CLMHD Office Closed
May 29:  Memorial Day

JUNE 2017

Officers, Chairs & Regional Reps Call
June 7:  8 - 9 am

CSPOA / DOH / OMH Monthly Call
June 15:  3 - 4 pm, GTM

Children & Families Committee Meeting
June 20:  11:30 am - 1 pm, GTM

Directors & Executive Committee Meeting
June 21:  9:30 am - 12:30 pm, GTM

Contact CLMHD for all Call In and Go To Meeting information, 518.462.9422 
New York City To Open Crisis Centers

New York City plans to spend $90 million to open two centers where police can bring people with mental illness or substance-abuse issues instead of arresting them.

The short-term stay facilities, known as diversion centers, are intended for people who might otherwise be arrested or issued a summons for low-level charges. City officials estimate the two, approximately 20-bed centers, designed largely for stays of up to five days, would serve 2,400 people annually. 

The city awarded 10-year contracts to two nonprofits: Project Renewal will receive $44 million and Samaritan Daytop Village Inc. will receive $46 million, officials said.

The centers are expected to open next year. The city has considered sites in Harlem and the South Bronx, according to people familiar with the process. A City Hall spokeswoman said officials are still narrowing down their options and haven't selected final sites.  Read more here.
New Numbers Show Growing Toll of Opioids in NYS

Newly available data from the state Health Department point to stark increases in the toll of legal and illegal opioids in New York State.

The data show deaths attributed to opioids rose 49 percent for the counties outside metro New York City, from 993 to 1,488, between 2014 and 2015. For Broome County, the 30 deaths in 2015 were a 30 percent rise from the 23 reported the year before. Monroe County's total rose 59 percent, from 51 to 81.

Total doses of naloxone outside New York City jumped 22 percent, from 5,567 to 6,787, between 2015 and 2016. The rise from 366 to 597 in Broome County was three times that - a 63 percent jump. Tompkins, Tioga, Chemung and Ontario also outpaced upstate as a whole.

As of early May, the health department's numbers for opioid-linked deaths and emergency room visits were current through June 2016, while naloxone doses were current through the end of last year.   Read more here.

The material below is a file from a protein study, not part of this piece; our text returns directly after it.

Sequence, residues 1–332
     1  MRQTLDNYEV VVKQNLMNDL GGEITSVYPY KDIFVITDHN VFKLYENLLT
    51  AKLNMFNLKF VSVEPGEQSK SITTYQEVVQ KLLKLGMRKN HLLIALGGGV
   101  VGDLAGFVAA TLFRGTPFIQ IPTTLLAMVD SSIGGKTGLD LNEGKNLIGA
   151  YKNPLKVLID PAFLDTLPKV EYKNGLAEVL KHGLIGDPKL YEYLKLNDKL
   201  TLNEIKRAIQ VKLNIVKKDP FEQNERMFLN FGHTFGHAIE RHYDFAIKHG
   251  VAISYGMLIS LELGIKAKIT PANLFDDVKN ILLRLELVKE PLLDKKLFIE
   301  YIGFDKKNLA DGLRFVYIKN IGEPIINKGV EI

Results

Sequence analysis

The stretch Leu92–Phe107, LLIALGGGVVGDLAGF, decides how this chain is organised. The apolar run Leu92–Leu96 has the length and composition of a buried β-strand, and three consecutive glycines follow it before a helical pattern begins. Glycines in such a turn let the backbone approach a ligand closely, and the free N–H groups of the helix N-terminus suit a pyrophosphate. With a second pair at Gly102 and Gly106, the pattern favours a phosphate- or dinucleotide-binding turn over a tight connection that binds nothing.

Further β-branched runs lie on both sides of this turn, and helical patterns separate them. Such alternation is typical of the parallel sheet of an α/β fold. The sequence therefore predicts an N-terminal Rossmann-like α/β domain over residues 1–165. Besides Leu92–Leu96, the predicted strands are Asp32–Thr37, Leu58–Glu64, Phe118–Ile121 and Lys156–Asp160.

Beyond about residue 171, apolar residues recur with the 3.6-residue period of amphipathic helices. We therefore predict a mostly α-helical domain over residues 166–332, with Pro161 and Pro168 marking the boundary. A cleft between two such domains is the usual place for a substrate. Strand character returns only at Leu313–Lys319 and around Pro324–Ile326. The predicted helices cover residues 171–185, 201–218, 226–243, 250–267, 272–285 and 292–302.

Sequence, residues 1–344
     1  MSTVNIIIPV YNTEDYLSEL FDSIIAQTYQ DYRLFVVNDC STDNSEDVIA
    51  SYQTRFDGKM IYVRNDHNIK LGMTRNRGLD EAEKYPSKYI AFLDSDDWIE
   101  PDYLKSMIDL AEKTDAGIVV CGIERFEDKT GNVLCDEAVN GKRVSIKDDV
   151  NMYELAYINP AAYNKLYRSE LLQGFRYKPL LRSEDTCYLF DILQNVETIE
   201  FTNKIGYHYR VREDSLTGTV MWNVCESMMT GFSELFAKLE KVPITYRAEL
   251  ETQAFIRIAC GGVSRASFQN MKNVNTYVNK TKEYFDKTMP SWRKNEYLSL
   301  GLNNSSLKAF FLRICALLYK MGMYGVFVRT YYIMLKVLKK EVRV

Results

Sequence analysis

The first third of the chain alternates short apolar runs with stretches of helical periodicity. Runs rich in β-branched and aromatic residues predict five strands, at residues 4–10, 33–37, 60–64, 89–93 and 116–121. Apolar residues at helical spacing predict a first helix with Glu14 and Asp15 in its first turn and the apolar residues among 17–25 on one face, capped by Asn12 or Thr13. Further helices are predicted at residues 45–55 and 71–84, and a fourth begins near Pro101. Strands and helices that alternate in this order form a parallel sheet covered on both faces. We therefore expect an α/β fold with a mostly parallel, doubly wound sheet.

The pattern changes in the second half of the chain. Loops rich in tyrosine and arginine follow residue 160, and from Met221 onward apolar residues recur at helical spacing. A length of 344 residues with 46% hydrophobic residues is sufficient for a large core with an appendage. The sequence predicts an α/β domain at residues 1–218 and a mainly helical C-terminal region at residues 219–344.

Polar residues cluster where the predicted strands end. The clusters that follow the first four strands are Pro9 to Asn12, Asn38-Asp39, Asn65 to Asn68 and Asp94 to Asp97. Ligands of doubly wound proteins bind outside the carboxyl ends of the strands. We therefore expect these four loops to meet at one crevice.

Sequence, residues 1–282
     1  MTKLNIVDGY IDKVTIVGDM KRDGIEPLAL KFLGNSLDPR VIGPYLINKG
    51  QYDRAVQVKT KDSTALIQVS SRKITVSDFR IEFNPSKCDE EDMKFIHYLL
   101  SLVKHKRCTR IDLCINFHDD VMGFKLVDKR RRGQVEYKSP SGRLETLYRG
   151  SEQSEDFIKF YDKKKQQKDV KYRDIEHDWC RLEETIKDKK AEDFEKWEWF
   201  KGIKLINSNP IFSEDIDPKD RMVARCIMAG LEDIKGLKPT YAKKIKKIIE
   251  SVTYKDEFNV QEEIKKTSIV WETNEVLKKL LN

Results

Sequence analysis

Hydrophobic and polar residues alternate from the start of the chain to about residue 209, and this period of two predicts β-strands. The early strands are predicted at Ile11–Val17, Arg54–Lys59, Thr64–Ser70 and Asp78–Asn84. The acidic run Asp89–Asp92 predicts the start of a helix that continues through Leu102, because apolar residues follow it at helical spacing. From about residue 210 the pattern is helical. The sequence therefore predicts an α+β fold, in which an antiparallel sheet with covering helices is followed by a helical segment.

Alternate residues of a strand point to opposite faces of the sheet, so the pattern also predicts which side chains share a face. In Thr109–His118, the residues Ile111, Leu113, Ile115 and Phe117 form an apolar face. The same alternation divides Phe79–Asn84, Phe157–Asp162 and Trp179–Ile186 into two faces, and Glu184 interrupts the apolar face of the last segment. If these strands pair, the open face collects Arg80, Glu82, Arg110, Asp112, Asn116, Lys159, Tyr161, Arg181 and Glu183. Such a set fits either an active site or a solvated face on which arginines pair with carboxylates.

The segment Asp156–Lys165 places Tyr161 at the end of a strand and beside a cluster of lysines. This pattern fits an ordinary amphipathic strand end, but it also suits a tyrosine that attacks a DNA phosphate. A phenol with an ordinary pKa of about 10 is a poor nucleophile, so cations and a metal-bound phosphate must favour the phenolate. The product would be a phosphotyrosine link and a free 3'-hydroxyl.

An Experiment Helps Heroin Users Test Their Street Drugs For Fentanyl

In the day room at St. Ann's Corner of Harm Reduction, which runs a needle exchange program in the Bronx, a group of guys are playing dominoes and listening to salsa music while they wait for lunch. And Van Asher, one of the staffers in charge of "transactions" - that means he gives out needles - is talking up his latest idea for how to keep the users here safe.

He wants to tell them what's really in their stash.  "If you're doing dope," he says to one client, "we'll give you a test strip so you can test and see if there's fentanyl."
Fentanyl is a synthetic opioid that is "similar to morphine but can be 50 to 100 times more potent," according to the
National Institute on Drug Abuse.
Increasingly, drug dealers have been using fentanyl to cut their heroin supply - which can be lethal for users. By using the same simple test a doctor would use to check for fentanyl in a patient's urine, Asher is now giving drug users in the Bronx a way to quickly find out what's in their syringe before they inject.  Read more here.
FORHP Rural Substance Use Disorder Prevention and Treatment Toolkit

A Rural Prevention and Treatment of Substance Abuse Toolkit, which was developed on behalf of the Federal Office of Rural Health Policy is now available.   This toolkit provides evidence-based examples, promising models, program best practices, and resources that can be used by organizations to implement substance abuse prevention and treatment programs.

There are seven modules in the toolkit - each contains resources and information that organizations can use to develop, implement, evaluate, and sustain rural programs to prevent and treat substance abuse. 
How Untreated Depression Contributes to the Opioid Epidemic

It can sometimes seem strange how so much of the country got hooked on opioids within just a few years. Deaths from prescription drugs like oxycodone, hydrocodone, and methadone have more than quadrupled since 1999, according to the CDC. But pain doesn't seem to be the only culprit:  About one-third of Americans have chronic pain, but not all of them take prescription painkillers for it. Of those who do take prescription opioids, not all become addicted.